Orange is the New… Metamorphosis
In a town as small as this, I never imagined that I would sit so close to murder; knowing too well what happened without ever seeing it or hearing the details. Britany was dead and the police force had been pushed too far over the edge. It was as if this violent act of secrecy was a taunt that wouldn’t let up until justice was served and, somehow, between a car ride and a trashcan, I found myself caught in the middle of the investigation. At twenty, I should have been educated on how to avoid this road, but instead I dove into the forbidden territory, eyes as bright and wide as my eager grin, expecting my skull not to ricochet against the asphalt. When the rest of my graduating class was having the time of their lives, I was tangled so deep into the web that I became a cocoon of drugs, control, and misery. What kind of butterfly could possibly emerge out of that?
* * *
In 2011, I was arrested while taking out the trash. “I bet you wish you had talked now, huh?” The detective was smug while I sat cuffed and confused in his truck as he took me down to the police station. His question made me think that this was just a game to them: You help them do their job, and they’ll help you remain free, though then you’d have a target on your back. They wanted me to give them information on Britany’s murder. Britany was like me—involved with the same people, doing the same things I was. In fact, we’d taken a trip together once to pick up drugs for the others. The same detectives who had approached me had approached her, looking for information on the drug ring. According to court documents, she was supposed to meet them the next day, to let them know if she would cooperate or not—but she didn’t get that chance. Later that night, she was found dead in the front seat of her car, with the engine still running and her foot on the gas. I didn’t know it at the time, but I was two blocks away from the scene; I could see the police lights flashing in the dark distance as I fumbled with her murderer’s car keys, having been instructed to take his car to his house while he took mine on an errand.
How did I even get there?
* * *
I was a shy and awkward kid growing up, spending most of my time reading or writing or listening to music. I skipped the third grade and maintained straight A’s until the end of eighth grade when I just stopped caring. After that, I still managed to pass my classes and eventually graduated high school, but my home life was so contaminated with alcohol-fueled fights and dysfunction that I looked for ways to escape.
When I was sixteen, I did cocaine for the first time. I promised friends I wouldn’t do it again, but I could still taste the bittersweet drip in the back of my throat, and I knew I was in love. But I kept my word—mainly because I didn’t know how to get the stuff on my own.
Two years later, when I was eighteen, I met a woman, let’s say Michelle, through a mutual job. She was nine years older than me, and her loud and free personality intrigued me. She often came to the training sessions hungover, something she’d announce and then joke with the instructor about, but she’d still be so full of life. Eventually, I had a friend give her my number (shy and awkward, remember?) and, to my surprise, she used it.
Around the third or fourth time hanging out together, Michelle turned to me and asked, “Do you do powder?” After a very brief pause, I said, “Yes,” thinking about the first and only time I had done it and knowing I wanted to try it again. When she passed me the bag and a rolled-up dollar bill, I didn’t know what to do—the first time I’d done it was with some special gadget. She noticed my hesitation, laughed, and showed me how to take a bump.
This began a three-year tryst with a habit and a woman. It went from every other weekend to every few days, with the days between spent thinking about the next time.
My attachment to cocaine now coincided with my devotion to Michelle. I found myself doing everything she asked, and eventually everything she told me to do, as requests quickly turned into expectations. This is how I fell into my role of driving—trafficking drugs and money—for an “organization” led by Michelle and two of her exes.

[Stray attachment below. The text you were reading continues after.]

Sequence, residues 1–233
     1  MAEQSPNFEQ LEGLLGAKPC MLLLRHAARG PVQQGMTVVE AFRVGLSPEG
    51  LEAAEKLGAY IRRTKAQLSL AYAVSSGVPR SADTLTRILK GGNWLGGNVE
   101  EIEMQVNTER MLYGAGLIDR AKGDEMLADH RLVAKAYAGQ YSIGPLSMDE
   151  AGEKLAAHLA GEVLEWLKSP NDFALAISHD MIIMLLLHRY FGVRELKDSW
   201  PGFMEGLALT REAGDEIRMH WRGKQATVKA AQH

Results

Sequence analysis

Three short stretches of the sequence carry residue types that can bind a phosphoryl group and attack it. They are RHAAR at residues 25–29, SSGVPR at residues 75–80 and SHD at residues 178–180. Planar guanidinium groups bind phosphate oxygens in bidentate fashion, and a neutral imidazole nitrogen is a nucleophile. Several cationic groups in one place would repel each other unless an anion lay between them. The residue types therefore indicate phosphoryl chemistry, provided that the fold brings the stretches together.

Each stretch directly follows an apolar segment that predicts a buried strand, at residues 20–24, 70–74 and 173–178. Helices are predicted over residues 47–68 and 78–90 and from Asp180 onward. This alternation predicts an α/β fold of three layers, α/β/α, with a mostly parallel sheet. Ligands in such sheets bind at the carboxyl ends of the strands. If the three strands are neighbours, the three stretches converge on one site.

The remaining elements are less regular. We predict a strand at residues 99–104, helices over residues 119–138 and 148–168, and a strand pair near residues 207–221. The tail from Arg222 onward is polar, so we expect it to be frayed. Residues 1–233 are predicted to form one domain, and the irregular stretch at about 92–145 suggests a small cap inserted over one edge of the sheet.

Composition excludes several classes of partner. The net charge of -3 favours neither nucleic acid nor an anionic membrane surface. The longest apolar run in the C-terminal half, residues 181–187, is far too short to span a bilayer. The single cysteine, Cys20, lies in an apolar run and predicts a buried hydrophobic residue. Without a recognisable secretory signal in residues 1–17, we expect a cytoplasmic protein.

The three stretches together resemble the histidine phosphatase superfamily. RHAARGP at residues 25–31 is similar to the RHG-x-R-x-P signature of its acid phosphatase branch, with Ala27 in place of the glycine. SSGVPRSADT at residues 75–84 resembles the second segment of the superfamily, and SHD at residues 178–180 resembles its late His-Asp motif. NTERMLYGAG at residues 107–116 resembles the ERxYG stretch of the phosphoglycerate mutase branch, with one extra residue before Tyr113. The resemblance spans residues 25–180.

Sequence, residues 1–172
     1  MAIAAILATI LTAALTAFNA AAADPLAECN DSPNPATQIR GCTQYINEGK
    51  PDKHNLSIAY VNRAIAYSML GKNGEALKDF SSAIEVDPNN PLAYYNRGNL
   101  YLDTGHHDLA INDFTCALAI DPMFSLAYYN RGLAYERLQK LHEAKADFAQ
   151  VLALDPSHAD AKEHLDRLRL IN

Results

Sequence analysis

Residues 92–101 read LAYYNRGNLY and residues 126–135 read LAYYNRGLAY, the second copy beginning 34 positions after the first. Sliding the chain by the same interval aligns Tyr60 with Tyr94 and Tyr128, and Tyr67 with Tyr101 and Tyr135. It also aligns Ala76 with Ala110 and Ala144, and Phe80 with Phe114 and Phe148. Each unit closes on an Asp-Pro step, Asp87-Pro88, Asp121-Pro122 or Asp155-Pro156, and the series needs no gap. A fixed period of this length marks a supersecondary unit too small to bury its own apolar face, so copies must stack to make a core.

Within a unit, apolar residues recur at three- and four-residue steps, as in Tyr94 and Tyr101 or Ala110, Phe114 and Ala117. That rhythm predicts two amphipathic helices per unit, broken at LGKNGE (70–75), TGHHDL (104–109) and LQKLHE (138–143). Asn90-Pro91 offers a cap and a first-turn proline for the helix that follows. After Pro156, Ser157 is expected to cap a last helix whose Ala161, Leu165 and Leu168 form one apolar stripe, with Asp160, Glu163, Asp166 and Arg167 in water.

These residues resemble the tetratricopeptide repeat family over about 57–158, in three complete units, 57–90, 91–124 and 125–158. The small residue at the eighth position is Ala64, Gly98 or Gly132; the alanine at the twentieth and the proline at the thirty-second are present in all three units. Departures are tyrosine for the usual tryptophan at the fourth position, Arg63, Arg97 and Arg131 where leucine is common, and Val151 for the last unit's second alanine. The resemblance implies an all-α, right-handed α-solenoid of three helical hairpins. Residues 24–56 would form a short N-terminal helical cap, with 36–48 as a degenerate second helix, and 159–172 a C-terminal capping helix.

* * *
In 2013, I was on pretrial release in Kansas for a federal drug charge. A year after the arrest, I’d pled guilty to one of two charges, “Conspiracy to Distribute 280 Grams or More of Crack Cocaine,” a Class A felony. Sentencing was pushed back every few months. My life was on pause.
My friends told me, “Oh, you’ll just get a slap on the wrist since it’s your first time.” They thought I’d be sentenced to probation. What they didn’t understand is that the U.S. Sentencing Commission didn’t allow a sentence of probation to be imposed for Class A felonies, even for a first offense. By taking a plea deal, I was looking at five years in prison. Without it, I was facing twenty years; ten years for each original charge.
So, in the Summer of 2013, when Orange is the New Black (OITNB) first premiered on Netflix, I followed Piper’s narrative closely, asking myself, “Is that going to be me?”
* * *
OITNB tells the story of Piper Chapman, based on real-life Piper Kerman, who is sentenced to fifteen months in prison for an incident that occurred in her past. Ten years prior, she transported a suitcase full of drug money for her then-girlfriend, Alex Vause.
At the time of her arrest, Piper had moved on from that life. She was engaged and working as an executive in New York City. In the show, Piper and Alex are sent to the same prison facility where they rekindle their relationship.
Similarly, when I was arrested, Michelle and I had drifted apart. I had a new girlfriend and was no longer doing runs for the organization. But now I wondered if I’d be sent to the same prison as my ex, like Piper and Alex. I hoped so, because prison seemed like a scary and lonely place, and at least then I would know somebody, regardless of our sordid history.
* * *
In October 2014, I was finally set to be scheduled.
But more than a year before, in August 2013, the “Holder Memo” had been released as a guide for federal prosecutors. Issued by Attorney General Eric Holder, he instructed federal prosecutors not to specify drug quantities when charging nonviolent, low-level offenders, to avoid triggering mandatory minimum laws. The hope was to stop sentencing first-time drug offenders to prison time, which had been the norm up until then. It wasn’t a law, though. It was just a memo. The same memo that Jeff Sessions of the Trump administration rescinded, as easily as it had been issued.